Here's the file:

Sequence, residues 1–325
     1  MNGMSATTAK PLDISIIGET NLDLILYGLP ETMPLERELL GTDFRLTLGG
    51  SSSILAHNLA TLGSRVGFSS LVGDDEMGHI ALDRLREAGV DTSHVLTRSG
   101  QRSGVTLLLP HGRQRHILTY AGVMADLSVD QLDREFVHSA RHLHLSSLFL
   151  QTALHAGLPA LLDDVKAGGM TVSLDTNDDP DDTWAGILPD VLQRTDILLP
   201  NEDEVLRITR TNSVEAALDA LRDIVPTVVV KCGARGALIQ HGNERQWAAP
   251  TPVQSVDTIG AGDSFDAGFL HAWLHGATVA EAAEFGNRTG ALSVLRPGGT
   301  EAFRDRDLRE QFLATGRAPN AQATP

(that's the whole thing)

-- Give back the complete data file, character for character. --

Sequence, residues 1–325
     1  MNGMSATTAK PLDISIIGET NLDLILYGLP ETMPLERELL GTDFRLTLGG
    51  SSSILAHNLA TLGSRVGFSS LVGDDEMGHI ALDRLREAGV DTSHVLTRSG
   101  QRSGVTLLLP HGRQRHILTY AGVMADLSVD QLDREFVHSA RHLHLSSLFL
   151  QTALHAGLPA LLDDVKAGGM TVSLDTNDDP DDTWAGILPD VLQRTDILLP
   201  NEDEVLRITR TNSVEAALDA LRDIVPTVVV KCGARGALIQ HGNERQWAAP
   251  TPVQSVDTIG AGDSFDAGFL HAWLHGATVA EAAEFGNRTG ALSVLRPGGT
   301  EAFRDRDLRE QFLATGRAPN AQATP